But, I'll play with B. The sad thing is that we play about even right now. While I will improve as I can visualize how the pieces move more effectively, I may only get a year of chess play in before I am completely outclassed by him.

We've played about eight games now. He's beaten me in seven. I took him by check-mate once.

I've never enjoyed losing more, even though I am really trying to win.

Sunday, June 6, 2010

Another reason

I promise I'll get to the point, but we have to meander a bit before I can get there. Sorry, it's how my brain works. I realize that this doesn't really fit with the usual "assignment" and, I'll probably lose style points for failure to be organized. Ok, but at least it isn't a late assignment (oh, it is? nevermind).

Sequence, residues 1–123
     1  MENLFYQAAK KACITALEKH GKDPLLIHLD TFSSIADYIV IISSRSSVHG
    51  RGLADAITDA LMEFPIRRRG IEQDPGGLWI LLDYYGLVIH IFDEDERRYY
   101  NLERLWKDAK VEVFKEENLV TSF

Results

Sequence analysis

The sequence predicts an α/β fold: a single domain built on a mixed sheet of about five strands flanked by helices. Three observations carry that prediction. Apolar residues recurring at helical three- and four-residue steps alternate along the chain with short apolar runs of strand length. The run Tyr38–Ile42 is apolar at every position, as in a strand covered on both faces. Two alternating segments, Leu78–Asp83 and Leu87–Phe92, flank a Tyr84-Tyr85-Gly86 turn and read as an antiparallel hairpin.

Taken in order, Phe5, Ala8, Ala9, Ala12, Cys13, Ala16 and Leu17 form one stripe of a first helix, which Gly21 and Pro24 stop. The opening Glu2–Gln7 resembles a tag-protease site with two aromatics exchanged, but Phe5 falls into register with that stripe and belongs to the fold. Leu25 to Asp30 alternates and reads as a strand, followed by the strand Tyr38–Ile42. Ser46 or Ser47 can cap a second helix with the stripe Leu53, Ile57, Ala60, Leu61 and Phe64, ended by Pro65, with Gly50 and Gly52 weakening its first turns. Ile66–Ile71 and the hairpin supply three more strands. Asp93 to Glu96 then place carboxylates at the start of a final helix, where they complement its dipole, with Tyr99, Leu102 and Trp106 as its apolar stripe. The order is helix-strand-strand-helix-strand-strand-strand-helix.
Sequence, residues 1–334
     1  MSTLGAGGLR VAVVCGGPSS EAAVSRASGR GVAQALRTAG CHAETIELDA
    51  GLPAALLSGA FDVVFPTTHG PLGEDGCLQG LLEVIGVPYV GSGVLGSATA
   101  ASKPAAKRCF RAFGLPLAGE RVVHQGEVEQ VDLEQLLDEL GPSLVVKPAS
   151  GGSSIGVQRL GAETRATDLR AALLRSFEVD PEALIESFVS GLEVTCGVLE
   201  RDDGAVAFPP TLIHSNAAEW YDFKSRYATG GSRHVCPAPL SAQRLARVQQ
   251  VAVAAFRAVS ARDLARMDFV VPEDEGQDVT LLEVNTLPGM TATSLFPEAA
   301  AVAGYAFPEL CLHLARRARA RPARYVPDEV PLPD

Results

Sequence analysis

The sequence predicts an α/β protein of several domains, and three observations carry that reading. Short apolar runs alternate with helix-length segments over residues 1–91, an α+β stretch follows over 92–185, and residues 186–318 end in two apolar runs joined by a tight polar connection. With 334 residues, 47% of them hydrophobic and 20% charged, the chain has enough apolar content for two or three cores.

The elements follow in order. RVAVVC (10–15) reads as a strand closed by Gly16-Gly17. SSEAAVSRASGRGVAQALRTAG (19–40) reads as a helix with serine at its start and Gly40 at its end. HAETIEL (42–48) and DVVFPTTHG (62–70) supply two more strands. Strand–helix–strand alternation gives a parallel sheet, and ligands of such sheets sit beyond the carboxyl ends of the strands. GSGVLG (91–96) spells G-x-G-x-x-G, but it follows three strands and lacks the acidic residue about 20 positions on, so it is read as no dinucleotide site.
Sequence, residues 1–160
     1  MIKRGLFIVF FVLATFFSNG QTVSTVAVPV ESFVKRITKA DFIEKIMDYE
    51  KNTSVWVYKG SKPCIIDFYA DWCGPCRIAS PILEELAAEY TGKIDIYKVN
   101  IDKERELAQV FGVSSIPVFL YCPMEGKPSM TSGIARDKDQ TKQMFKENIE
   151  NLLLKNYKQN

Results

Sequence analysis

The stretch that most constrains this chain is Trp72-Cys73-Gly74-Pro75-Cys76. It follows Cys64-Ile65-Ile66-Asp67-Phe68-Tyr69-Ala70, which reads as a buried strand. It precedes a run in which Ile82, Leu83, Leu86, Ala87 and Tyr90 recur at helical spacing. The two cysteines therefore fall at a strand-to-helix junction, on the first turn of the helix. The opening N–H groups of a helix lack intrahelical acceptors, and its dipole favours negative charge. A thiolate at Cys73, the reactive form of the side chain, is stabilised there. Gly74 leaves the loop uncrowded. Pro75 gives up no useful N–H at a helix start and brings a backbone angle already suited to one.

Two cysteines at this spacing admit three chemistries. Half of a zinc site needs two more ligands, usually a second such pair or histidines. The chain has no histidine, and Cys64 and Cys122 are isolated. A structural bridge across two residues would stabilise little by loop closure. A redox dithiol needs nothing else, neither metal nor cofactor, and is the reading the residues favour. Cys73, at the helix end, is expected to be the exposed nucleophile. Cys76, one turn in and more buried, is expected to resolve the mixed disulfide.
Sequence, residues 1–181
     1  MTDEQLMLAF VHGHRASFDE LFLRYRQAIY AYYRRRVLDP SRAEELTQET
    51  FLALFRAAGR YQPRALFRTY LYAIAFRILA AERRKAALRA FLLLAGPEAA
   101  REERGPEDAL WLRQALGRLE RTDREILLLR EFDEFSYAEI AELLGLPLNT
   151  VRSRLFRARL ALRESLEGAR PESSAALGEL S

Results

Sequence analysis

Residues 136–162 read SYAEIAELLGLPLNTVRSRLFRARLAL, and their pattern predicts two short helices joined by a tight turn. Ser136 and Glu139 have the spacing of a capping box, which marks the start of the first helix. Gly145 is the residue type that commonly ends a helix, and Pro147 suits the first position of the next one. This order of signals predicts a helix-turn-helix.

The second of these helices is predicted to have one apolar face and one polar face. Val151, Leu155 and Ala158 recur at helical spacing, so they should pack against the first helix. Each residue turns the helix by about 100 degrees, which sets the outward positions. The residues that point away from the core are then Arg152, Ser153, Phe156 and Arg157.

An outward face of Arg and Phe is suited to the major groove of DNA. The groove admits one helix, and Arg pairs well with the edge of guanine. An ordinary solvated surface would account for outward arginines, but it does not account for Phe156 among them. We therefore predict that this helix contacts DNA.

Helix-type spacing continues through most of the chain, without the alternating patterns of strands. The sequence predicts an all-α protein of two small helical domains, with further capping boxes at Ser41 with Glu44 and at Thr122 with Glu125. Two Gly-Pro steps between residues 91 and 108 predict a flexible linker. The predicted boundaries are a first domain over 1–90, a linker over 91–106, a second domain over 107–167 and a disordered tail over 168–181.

Last night J and I went to a big benefit for a local organization. We like the organization and are happy to contribute. We like loads of the people involved. I was genuinely looking forward to going. But, as we walked over, we were discussing how we were kind of tired and steeling ourselves to go. We were gathering the energy to participate and communally trying to see how it would play out. We sat, as it turns out, with two lovely couples and had a really enjoyablely time. So, why so reticent?

We are both introverts. 75% of the population might consider this too much to understand - that a night of partying in a crowd looks, from the outset, exhausting and stressful. That, hanging out with a lot of people (even people we genuinely enjoy) is tiring. Most folks would find it odd that we love a quiet evening of just chatting on our porch with no extraneous music or noise or that I can sit in a silent home (or office) for 10 hours straight and the time just slips away.